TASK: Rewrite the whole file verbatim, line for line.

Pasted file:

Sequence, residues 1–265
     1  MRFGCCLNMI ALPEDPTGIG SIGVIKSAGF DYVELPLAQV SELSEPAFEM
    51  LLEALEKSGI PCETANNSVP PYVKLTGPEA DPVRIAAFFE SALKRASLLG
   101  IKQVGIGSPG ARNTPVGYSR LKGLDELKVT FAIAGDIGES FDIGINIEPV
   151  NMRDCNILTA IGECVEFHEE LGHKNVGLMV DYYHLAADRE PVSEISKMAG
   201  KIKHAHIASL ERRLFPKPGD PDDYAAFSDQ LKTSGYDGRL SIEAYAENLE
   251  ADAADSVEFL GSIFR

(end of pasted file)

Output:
Sequence, residues 1–265
     1  MRFGCCLNMI ALPEDPTGIG SIGVIKSAGF DYVELPLAQV SELSEPAFEM
    51  LLEALEKSGI PCETANNSVP PYVKLTGPEA DPVRIAAFFE SALKRASLLG
   101  IKQVGIGSPG ARNTPVGYSR LKGLDELKVT FAIAGDIGES FDIGINIEPV
   151  NMRDCNILTA IGECVEFHEE LGHKNVGLMV DYYHLAADRE PVSEISKMAG
   201  KIKHAHIASL ERRLFPKPGD PDDYAAFSDQ LKTSGYDGRL SIEAYAENLE
   251  ADAADSVEFL GSIFR